Andy McDermott (Tom Everett Scott) was no longer a regular guy drawn to Paris by the attack on his uncle.  Now, he was an American tourist heading to Paris with two of his pals as part of a daredevil’s tour of Europe (each participant getting ‘daredevil points’ for various wild and crazy stunts at different exotic locales, kind of like a pre-Youtube generation version of ‘Jackass’). He meets Serafine (Julie Delpy) as she’s about to commit suicide by jumping off the Eiffel Tower, saving her by bungee jumping off the tower and catching her (“I mean, bungee jumping? It made no sense for the character - not the one we envisioned, and not even for the character as they envisioned it.”). The film then segues into something that felt less like a horror film and more like ‘American Pie’ offcuts, with Andy - now convinced that Serafine is the love of his life - trying to find and then woo her. Badly executed comedy abounded. When the horror finally arrived, the werewolves were now predominantly CGI, and they looked it.

Besides, the werewolf that bit Andy was no longer Serafine, it was the film’s villain, removing the test of character that Burns and Stern had set for McDermott. Oh, and Serafine was now linked to the Landis film - with hints that she was the daughter of Jenny Agutter’s English nurse and her werewolf patient, David Naughton (“It was such a tenuous link! I mean, what was the point?” Stern said).

“I just felt nauseous the whole time,” Stern said. 

“The film sucked, it was just a terrible movie.”

Perhaps most disappointingly for Stern, the catacombs that had initially inspired their pitch - and had formed such an integral part of his vision for the film - were nowhere to be seen in the finished product. While several underground sequences remained, they all took place in nondescript, generic tunnels, so bereft of character they could have quickly been shot in a soundstage thousands of miles away. Unlike Stern, Burns didn’t get invited to a screening. Instead, the Canada-based writer had to mooch a ticket to the Toronto premiere.

“I wanted to go see this film that had my name on it, and I couldn’t even get in,” he said.

“But I had a friend who worked at the local TV station who had some free tickets, so he got me in there, and I got to sit there, watch the film and go ‘what the hell is this movie?’ It was bizarre; it was so unrecognisable. I think there were two lines of dialogue of mine left - one was a sex joke where Serafine says something like ‘I’ve had it up to here with you’, and he makes a joke like ‘oh yeah? How far have you had it up with the other guy?’ or something like that. So yeah, after two or three years of work, that’s what survived - the rest, I don’t recognise. It was dispiriting, but - at the same time - when they paid the cheque, it did go a long way to buying my house.”

For Burns, moving on wasn’t too complicated - but for Stern, who’d seen his vision for a scary, funny werewolf film turn into a bloated, poorly-executed mess that still bore his name (albeit only as the writer), it had taken its toll.



“The whole thing was bittersweet - at the time it was hard to know how normal it was… we were new to Hollywood, new to show business,” Burns said.

“We were just like ‘is this how it happens? Did we get royally screwed? Or should I just be thanking the gods that someone made the movie and I got paid?’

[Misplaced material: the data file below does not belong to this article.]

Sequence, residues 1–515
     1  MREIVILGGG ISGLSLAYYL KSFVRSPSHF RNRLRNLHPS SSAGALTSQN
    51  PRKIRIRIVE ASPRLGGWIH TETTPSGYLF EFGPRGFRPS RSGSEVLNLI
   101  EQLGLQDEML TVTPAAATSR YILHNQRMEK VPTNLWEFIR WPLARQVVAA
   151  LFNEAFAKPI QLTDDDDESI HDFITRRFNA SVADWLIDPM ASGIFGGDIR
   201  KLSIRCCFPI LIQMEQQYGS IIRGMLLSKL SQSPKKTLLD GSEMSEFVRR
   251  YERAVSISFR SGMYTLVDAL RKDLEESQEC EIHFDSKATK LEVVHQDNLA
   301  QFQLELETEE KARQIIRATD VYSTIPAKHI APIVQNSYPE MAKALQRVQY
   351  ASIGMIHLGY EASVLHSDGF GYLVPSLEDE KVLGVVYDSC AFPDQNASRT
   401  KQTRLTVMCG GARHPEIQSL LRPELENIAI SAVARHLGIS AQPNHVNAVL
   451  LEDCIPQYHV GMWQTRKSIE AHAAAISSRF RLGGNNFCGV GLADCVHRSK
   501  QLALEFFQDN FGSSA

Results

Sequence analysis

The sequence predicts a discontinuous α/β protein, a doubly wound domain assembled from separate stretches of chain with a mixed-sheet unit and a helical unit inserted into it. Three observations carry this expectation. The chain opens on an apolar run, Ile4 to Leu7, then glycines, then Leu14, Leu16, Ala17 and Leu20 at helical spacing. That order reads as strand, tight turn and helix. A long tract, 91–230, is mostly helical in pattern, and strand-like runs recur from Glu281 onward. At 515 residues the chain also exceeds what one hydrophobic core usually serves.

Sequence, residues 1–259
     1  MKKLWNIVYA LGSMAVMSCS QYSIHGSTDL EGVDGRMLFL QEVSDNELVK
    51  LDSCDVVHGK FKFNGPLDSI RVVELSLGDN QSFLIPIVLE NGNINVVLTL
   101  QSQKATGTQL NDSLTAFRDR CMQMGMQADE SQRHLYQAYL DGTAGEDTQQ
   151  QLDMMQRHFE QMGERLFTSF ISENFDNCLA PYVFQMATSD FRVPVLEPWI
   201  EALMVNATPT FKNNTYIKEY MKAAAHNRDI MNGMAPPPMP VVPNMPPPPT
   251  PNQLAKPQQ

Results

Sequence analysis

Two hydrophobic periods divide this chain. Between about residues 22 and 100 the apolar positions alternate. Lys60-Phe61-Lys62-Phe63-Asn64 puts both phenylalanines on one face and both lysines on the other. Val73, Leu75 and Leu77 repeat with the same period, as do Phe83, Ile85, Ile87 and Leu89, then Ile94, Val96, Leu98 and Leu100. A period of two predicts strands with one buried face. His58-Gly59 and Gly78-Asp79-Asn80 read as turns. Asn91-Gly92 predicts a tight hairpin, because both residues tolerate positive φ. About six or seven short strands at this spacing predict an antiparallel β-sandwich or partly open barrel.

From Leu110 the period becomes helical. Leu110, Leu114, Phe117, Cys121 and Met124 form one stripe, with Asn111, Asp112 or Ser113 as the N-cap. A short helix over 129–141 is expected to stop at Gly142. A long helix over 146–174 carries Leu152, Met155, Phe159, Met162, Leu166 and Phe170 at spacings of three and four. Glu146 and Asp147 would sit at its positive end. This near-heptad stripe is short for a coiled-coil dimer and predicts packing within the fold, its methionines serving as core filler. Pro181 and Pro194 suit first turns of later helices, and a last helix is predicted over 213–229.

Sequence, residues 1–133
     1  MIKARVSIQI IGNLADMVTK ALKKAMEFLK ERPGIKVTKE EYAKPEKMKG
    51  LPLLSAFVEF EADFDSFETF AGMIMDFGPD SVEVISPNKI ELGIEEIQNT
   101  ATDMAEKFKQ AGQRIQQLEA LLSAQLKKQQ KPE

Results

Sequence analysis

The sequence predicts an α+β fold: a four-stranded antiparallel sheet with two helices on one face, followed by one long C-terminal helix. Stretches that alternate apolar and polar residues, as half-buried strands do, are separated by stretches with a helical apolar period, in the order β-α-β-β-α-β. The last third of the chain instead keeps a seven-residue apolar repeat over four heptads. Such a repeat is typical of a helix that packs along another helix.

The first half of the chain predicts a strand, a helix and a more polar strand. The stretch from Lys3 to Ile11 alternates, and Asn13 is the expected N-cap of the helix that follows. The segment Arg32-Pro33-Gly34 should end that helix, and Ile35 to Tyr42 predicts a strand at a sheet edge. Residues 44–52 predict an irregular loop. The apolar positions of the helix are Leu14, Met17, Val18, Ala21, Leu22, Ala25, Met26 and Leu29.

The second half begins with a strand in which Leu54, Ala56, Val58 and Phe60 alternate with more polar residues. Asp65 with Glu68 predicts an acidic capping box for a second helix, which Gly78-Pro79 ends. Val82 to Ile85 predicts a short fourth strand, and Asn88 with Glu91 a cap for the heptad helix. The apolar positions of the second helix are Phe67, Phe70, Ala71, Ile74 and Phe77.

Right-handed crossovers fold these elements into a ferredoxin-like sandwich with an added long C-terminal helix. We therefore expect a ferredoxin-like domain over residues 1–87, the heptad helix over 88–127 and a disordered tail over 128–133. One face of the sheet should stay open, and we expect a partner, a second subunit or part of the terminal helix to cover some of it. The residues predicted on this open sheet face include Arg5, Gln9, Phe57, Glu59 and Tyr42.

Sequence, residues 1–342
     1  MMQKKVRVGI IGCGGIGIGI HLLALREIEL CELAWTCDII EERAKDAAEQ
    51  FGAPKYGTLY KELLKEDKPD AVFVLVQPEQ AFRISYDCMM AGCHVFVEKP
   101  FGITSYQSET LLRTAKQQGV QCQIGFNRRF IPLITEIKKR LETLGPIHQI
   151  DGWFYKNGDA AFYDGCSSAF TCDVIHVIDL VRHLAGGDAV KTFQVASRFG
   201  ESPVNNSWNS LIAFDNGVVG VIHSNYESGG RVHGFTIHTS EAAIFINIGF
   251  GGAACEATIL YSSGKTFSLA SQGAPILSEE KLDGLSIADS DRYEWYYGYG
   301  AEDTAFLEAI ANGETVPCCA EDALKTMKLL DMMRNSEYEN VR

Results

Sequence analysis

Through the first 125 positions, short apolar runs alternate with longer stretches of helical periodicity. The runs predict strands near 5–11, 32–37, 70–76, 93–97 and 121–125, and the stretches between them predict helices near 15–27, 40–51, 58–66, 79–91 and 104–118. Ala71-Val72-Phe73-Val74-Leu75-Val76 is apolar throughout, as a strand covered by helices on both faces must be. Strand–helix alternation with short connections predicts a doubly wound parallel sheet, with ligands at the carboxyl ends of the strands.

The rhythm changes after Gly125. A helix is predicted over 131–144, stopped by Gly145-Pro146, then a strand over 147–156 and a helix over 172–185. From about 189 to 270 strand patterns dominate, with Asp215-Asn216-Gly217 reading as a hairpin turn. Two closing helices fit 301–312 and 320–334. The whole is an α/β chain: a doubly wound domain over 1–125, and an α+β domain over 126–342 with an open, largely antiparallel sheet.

“I really couldn’t figure it out at the time.”

Burns primarily works in TV these days, having developed the Disney Channel series ‘My Babysitter’s a Vampire’ - serving as the show’s head writer and co-executive producer. He cites the tone and ‘horror comedy’ world as being a direct descendant of his work on ‘Freaked’ and ‘Werewolf’.

After ‘Werewolf’, Burns said was fortunate to have other development gigs on the horizon and, on the personal front, had just got married… helping to soften the blow, and helping him move forward.

“It was much harder on Tom, mostly because, as a director, I think he felt the impact of ’Freaked’ as a more significant professional setback,” Burns said.

“Then, to have what looked like success snatched away yet again on ‘An American Werewolf in Paris’, it was pretty crushing… he’d put so much work into the visuals and designs.

“He had so much to gain from this (‘Werewolf’).”  

Stern’s next attempt to get another feature off the ground, a low-budget horror film called “Bad Pinocchio”, fell apart over a dispute over funding, and the series of work-related battles had taken its toll.

“I went into a horrible, major depressive episode… it was the worst time of my life,” Stern said.

Although Stern was struggling, he was able to secure some work with the help of his old contacts - primarily on TV.

A series of chimp-related movie parodies for the MTV Movie Awards, help land Stern a gig with Jimmy Kimmel and Adam Carolla on their new program ‘The Man Show’.

“I had some friends who were working on Jimmy Kimmel’s pilot, ‘The Man Show’… they loved my chimp thing too - so they hired me to do these chimp things for them,” he said.

“When they got picked up by Comedy Central, Jimmy offered me the job of segment director, which was a lifeline to me - because I was so depressed.

“So then I just became a segment director on ‘The Man Show’ and slowly clawed my way back.”

Stern, who has been working consistently in TV ever since remains hopeful of one day getting that second feature off the ground.

“Like I said, I learned a lot doing ‘Freaked’… and I’m still hoping to do a second film and show that I learned a lot,” Stern said.

“In fact, the thing I’ve just done - which is a serialised show - is essentially a feature film cut into 12 episodes… that was really fun to shoot.”

The series in question is called ‘Golden Revenge’, featuring Luke Wilson as a golden retriever, Ice-T as a bulldog and Natasha Leggero as an alcoholic cat. Stern said it had an Adult Swim tone to it.

“It’s basically ‘Homeward Bound’ meets ‘Kill Bill’ - it’s the story fo three pets who are on a cross-country adventure to get back to their family and kill them.

“So, yeah… that’s where I’m at. I’m good these days.”

While 'An American Werewolf in Paris' met with pretty much unanimous disdain from audiences and critics alike (Rotten Tomatoes has it at a 7 per cent Tomatometer and a 30% audience score), and Stern and Burns' vision for an exciting, scary and funny sequel is dead, the old dog may not be dead yet. John Landis' son, Max, is writing a remake of 'An American Werewolf in London' which he hopes to direct. Whether Landis Jr meets the same fate as Stern and Burns (like he did on, say, 'Bright' or 'Victor Frankenstein') is yet to be seen, but there may still be a reason to stay off the moors for years to come.

Anotherfilmnerd's earliest cinematic memory was seeing Don Johnson throw up all over a suspect in John Frankenheimer's 'Dead Bang'. Ever since, he's devoted his life to searching out cinema that's weird, wonderful and features vomit in the most unlikely of places.